A Clunky Sentence
Updated: Mar 18
The report Global Warming of 1.5°C report, published in the year 2018 by the IPCC (Intergovernmental Panel on Climate Change), is one of the most important climate change documents ever published, for two reasons. The first reason is that it provides a thorough summary of much of the research that has been carried out on climate change. Hence it has high credibility. The second reason for its importance is that it contains the following memorable sentence.
In model pathways with no or limited overshoot of 1.5°C, global net anthropogenic CO₂ emissions decline by about 45% from 2010 levels by 2030 (40–60% interquartile range), reaching net zero around 2050 (2045–2055 interquartile range).
Of this statement, the journal Bloomberg Green says,
Like most statements the IPCC sets down, the most important sentence ever written is just terrible—clunky and jargon-filled. What it says, in English, is this: By 2030 the world needs to cut its carbon-dioxide pollution by 45%, and by midcentury reach “net-zero” emissions, meaning that any CO₂ still emitted would have to be drawn down in some way . . .
. . . it may turn out to be the grammatical unit that saved the world. If not, it'll be remembered as the last, best warning we ignored before it was too late.
Because the phrase ‘Net Zero by 2050’ is so pithy and memorable it has been adopted by companies and governments around the world as their mission statement. Yet there is nothing inherently special about the word ‘Zero’ or the year ‘2050’. Climate change is a process — it is not an event that takes place at a singular point in time. But ‘Net Zero by 2050’ is an easy-to-grasp target that can be understood by people who do not know much about climate change.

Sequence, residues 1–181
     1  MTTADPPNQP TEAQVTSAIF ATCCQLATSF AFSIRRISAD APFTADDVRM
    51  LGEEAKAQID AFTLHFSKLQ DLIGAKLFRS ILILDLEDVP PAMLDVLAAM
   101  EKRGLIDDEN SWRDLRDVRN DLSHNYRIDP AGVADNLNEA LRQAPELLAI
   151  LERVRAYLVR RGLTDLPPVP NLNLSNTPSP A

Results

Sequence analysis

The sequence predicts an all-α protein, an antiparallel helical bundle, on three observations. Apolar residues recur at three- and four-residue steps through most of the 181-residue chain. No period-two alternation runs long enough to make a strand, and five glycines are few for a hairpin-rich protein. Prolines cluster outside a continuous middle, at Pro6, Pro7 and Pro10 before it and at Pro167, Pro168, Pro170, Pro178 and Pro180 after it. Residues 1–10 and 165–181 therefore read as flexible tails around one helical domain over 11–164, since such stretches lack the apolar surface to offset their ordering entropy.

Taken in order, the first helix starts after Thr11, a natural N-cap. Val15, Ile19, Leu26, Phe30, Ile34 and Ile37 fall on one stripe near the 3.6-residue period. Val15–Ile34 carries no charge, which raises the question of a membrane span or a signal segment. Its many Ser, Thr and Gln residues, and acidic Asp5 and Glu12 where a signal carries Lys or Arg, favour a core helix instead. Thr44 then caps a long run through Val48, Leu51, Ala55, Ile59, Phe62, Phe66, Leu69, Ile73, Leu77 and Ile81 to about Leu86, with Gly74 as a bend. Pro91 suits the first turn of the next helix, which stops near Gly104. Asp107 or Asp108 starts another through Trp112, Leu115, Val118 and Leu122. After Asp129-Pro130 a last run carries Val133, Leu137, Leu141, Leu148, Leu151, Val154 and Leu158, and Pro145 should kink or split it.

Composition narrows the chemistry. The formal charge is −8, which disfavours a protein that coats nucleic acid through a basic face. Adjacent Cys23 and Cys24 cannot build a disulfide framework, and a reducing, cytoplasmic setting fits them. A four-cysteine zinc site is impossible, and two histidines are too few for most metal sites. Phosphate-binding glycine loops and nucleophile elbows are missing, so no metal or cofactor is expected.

The danger with catchy slogans is that they can substitute for action. Therefore, it is important to look at how we are actually doing when it comes to actual CO₂ (carbon dioxide) levels.
Human beings have walked this Earth for around 300,000 years. Figure 1 shows that the concentration of CO₂ in the atmosphere has remained well below 300 ppm for most of that time. But then, sometime around the year 1950, CO₂ concentrations took off. We are now at 415 ppm, and there is no end in sight.
Figure 2 is the ‘Keeling Curve’ — the measurement of CO₂ concentration that has been recorded for many decades at the same site in Hawaii. It shows that the concentration of CO₂ in the atmosphere continues its inexorable, upward march. Indeed, it appears as if the rate of increase is itself increasing.
Figure 3 shows annual emissions of CO₂ from human activities since the 19th century. Once more, we see an inexorable rise, starting around the year 1900, but really kicking in by the middle of the 20th century.
The dotted line in Figure 3 shows what we need to do in order to achieve ‘Net Zero by 2050’.
So, we have a great slogan, one that has been adopted by many organizations around the world. In response we see a flurry of activity, such as the rapid adoption of electric vehicles. But the reality is that we have not even started to “bend the curve”.